Sunday 19 May 2024
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Dominican Republic commits to strengthening cocoa sector for 40,000 farmers

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In a landmark agreement signed by the Government of the Dominican Republic (GoDR), the National Cocoa Commission (NCC) and the United Nations Development Programme (UNDP), the Dominican Republic has committed to strengthening the sustainability of the cocoa sector, that directly employs 40,000 farmers and provides indirect employment to an additional 350,000 people across this Caribbean nation.

Specifically the cooperation agreement establishes the framework for the National Cocoa Platform (NCP), a neutral private/public forum involving government, cocoa exporters, chocolate companies and the farmers themselves, to identify and implement practical solutions to current challenges, such as low yields, weak socio-economic development and negative environmental impacts of cocoa farming.

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These solutions will be outlined in a 10-year National Action Plan to be endorsed later this year by the NCP and implemented by all stakeholders.

“We are extremely satisfied with this support that UNDP is providing because of which the Dominican cocoa continues to be seen on the international stage as an ambassador for Dominican culture,” said Agriculture Minister and NCC President Angel Estévez Boudierd.


The Dominican Republic produces high-grade, organic and fine flavour cocoa, exporting almost 70,000 tonnes per year. During the 2013/4 harvest, exports reached 69,000 tonnes of cocoa, generating some US$214 million in revenue. However, over 85% of cocoa farming is carried out by small-scale farmers (two hectares or less per farm) who use outdated agricultural practices and lack the financial means to invest in their plots.

This means that crop yields are low, profitability is negligible, and farmer incomes subsequently remain at poverty level.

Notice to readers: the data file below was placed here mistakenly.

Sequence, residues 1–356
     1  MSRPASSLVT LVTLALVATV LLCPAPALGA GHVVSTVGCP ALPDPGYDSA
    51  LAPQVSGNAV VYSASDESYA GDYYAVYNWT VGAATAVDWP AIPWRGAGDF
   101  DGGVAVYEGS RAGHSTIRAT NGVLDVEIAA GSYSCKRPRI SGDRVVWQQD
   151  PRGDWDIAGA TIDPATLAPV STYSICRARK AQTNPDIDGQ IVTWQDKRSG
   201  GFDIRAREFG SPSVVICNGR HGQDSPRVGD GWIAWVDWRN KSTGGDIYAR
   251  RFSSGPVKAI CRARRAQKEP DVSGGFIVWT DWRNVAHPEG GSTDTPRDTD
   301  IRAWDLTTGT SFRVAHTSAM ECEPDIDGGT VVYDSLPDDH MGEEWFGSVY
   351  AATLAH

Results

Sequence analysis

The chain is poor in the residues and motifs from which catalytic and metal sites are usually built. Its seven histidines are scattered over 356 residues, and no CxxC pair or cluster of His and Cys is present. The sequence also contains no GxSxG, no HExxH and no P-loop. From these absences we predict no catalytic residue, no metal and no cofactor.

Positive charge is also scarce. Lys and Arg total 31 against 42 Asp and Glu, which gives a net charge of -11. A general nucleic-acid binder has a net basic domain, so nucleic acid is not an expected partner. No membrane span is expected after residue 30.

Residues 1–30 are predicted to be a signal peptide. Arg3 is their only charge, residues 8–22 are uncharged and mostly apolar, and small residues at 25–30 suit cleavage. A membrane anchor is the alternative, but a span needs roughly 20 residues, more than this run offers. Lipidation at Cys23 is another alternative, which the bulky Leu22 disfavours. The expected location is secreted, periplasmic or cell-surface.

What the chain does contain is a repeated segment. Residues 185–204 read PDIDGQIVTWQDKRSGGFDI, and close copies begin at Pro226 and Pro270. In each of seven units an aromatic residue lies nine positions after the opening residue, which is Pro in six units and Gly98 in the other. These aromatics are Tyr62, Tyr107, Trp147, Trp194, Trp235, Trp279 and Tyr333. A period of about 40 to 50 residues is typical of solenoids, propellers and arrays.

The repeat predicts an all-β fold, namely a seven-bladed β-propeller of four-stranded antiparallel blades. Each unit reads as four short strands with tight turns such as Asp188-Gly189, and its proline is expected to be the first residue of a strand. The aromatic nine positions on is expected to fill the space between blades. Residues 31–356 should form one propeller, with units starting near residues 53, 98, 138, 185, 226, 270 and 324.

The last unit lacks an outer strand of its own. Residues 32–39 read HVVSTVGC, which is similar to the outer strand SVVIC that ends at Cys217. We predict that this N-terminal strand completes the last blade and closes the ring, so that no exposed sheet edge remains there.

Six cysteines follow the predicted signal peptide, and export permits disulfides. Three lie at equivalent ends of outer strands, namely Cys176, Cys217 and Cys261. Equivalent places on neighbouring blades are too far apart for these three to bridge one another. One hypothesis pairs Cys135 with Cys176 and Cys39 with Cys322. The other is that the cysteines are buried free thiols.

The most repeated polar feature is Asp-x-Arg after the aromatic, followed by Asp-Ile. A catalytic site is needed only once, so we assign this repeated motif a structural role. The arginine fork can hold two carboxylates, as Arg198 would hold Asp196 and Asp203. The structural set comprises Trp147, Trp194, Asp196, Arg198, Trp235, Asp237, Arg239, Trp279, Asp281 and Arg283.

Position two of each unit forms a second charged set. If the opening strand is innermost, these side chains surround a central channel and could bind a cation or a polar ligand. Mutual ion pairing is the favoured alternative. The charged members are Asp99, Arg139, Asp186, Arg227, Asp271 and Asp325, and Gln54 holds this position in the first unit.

This negative cycle discourages the younger generation from cultivating cocoa, and today the average age of a cocoa farmer in the Dominican Republic is over 60 years. In a practical sense, this can mean that a farmer may not meet the physical requirements to maintain his or her cocoa farm, including pruning the trees.

“By supporting the National Cocoa Platform and the National Action Plan, UNDP is aiming to improve the governance of the sector,” said Lorenzo Jiménez de Luis, UN Resident Coordinator in Dominican Republic. “Cocoa is an exceptional opportunity for the Dominican Republic to achieve inclusive economic growth and alleviate poverty, all while respecting the environment.”

This agreement has also had the key support of the private sector, notably Mondelēz International, the world’s largest chocolate company and the largest buyer of cocoa in the Dominican Republic.

“We are delighted to support the platform which will help the Dominican Republic to take ownership of its future in cocoa and to find lasting solutions,” said Cathy Pieters, Director of the Cocoa Life programme at Mondelēz International.

Thanks to the signing of the agreement, the NCP will focus on key measures to improve the sustainability of the cocoa sector, such as: (i) technical assistance for producers through the Farmer Field School methodology; (ii) a coordination body for social projects; (iii) programmes that will generate opportunities for young people in farming communities; (iv) alternative income-generation activities; and (v) access to financial services for producers to rehabilitate cocoa farms and plant more sustainable cocoa trees.

UNDP’s Green Commodities Programme, established in 2009, works to transform agricultural production and trade around the world through multi-stakeholder collaboration and by establishing effective national enabling environments in producer countries.


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